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Sunday, September 12, 2010

The Other Side By: Jacqueline Woodson

Theme: Friendship
Grades 2-6
The Other Side written by: Jacqueline Woodson is a powerful story about children, and how some differences make friendships grow stronger, rather than tear them apart.

John Newberry Honor Book 2006 
Mitten Award Finalist 2005 
SIBA Book Award Nominee 2006 
Civil Rights for Kids 
Summary and Review:
The Other Side takes place in a small rural town, where Clover, the African American girl lives next to a fence that segregates her town from the white population. Clover is curious about the fence after her mother told her never to cross it, as there was danger on the other side. However one day Clover notices a girl on the other side. For the length of the summer, all they do is stare at each-other on opposite sides of the fence. Finally the both find the courage to introduce themselves, and instead of breaking their parents' rules by climbing over the fence, they both settle for sitting on top of it. As Clover's friends see her sitting beside the white girl on the fence, they look at her strangely, however soon enough the fence becomes just a mere post in the ground and the friendship becomes the foundation for something beautiful.

Pre-Reading
1. Vocabulary
-Write the word segregation on the board. Ask you students if they have ever heard or seen this word. Discuss the idea of segregation and the role of race during the 1950's. Make a BKWL with your class determining everything they know about segregation, everything they want to know, and after reading, everything they've learned about the subject. Under the "B" Column provide students with important background about the Civil Rights Movement to further their thinking.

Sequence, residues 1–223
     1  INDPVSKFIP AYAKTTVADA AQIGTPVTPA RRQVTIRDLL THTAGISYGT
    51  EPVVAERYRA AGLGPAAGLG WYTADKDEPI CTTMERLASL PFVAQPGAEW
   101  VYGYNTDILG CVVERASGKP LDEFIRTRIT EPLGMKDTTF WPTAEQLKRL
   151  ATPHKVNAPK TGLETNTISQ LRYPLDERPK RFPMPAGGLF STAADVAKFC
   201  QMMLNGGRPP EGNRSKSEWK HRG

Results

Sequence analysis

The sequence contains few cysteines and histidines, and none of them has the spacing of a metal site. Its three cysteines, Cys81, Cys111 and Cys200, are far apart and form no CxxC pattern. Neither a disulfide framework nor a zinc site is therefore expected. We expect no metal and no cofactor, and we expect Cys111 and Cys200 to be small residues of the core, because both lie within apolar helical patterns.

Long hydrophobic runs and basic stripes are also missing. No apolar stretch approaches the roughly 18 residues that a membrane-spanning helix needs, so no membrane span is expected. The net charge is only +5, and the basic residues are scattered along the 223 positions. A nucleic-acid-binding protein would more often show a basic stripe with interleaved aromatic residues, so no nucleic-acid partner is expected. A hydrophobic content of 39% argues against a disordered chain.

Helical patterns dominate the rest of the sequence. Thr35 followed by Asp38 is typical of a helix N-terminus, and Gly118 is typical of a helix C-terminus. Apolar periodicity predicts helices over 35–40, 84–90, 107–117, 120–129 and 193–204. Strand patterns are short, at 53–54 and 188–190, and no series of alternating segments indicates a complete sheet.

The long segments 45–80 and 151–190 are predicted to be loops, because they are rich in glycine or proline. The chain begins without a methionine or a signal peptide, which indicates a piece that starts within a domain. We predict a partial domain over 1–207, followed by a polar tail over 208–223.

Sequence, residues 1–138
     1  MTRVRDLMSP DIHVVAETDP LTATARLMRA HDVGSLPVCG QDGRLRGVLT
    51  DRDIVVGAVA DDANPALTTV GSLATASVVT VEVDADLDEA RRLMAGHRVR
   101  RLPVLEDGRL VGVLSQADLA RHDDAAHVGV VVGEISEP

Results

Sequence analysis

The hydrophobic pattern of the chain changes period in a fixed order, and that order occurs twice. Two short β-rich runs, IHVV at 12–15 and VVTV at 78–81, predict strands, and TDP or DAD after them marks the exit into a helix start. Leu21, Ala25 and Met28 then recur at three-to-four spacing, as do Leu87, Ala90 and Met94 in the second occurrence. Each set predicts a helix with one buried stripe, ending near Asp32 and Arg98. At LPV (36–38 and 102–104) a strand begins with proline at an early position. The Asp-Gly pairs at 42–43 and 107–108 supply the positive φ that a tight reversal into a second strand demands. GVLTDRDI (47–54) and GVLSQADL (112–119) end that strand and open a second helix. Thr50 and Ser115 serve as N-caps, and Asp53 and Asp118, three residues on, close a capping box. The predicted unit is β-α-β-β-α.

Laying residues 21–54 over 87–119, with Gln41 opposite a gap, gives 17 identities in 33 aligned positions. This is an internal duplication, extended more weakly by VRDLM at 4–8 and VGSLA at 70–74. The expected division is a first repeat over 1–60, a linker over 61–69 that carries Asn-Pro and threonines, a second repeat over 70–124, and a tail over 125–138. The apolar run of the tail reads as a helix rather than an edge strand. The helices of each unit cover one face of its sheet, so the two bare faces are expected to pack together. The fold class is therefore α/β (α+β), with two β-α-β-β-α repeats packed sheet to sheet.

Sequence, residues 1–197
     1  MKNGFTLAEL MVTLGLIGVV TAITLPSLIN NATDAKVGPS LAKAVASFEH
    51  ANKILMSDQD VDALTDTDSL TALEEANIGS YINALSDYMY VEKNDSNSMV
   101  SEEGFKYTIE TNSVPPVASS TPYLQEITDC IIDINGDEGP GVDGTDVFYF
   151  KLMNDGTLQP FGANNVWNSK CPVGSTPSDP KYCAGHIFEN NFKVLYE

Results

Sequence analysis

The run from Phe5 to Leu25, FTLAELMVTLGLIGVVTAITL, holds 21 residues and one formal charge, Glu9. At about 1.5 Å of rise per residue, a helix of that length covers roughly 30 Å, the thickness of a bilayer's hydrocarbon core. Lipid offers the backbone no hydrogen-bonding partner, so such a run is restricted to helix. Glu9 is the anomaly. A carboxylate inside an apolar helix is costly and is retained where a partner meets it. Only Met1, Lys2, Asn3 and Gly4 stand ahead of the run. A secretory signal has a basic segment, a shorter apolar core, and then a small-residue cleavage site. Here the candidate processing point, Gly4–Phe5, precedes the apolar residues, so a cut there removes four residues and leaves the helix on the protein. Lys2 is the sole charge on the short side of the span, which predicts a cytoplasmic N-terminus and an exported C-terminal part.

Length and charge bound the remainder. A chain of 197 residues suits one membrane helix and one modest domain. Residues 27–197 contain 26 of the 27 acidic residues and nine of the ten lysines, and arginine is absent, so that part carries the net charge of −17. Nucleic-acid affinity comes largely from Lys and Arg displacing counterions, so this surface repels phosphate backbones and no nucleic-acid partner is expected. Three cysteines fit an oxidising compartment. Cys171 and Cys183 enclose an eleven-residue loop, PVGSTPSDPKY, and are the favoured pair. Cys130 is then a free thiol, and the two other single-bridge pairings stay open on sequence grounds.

Post-Reading

1. Reader's Response:
-Clover and Annie made friends very slowly. How do you make friends? What do you say? What do you do? How do you act? Do your friends look and act like you?
2. Story Quilt
-Students will make a story quilt with the elements: Main Characters, Setting, Plot and Theme. Review the story elements with the students and have them write a short paragraph (4-5 sentences) for each element. Students will then illustrate a picture depicting each element.
3. Walking in Someone Else's Shoes
-Students will write a journal taking on the perspective of one of the main characters. Students will write about what they see on the other side of the fence and their feelings about the other child.
-Students will also incorporate why we should not judge people by their appearance and what it means to be a friend.

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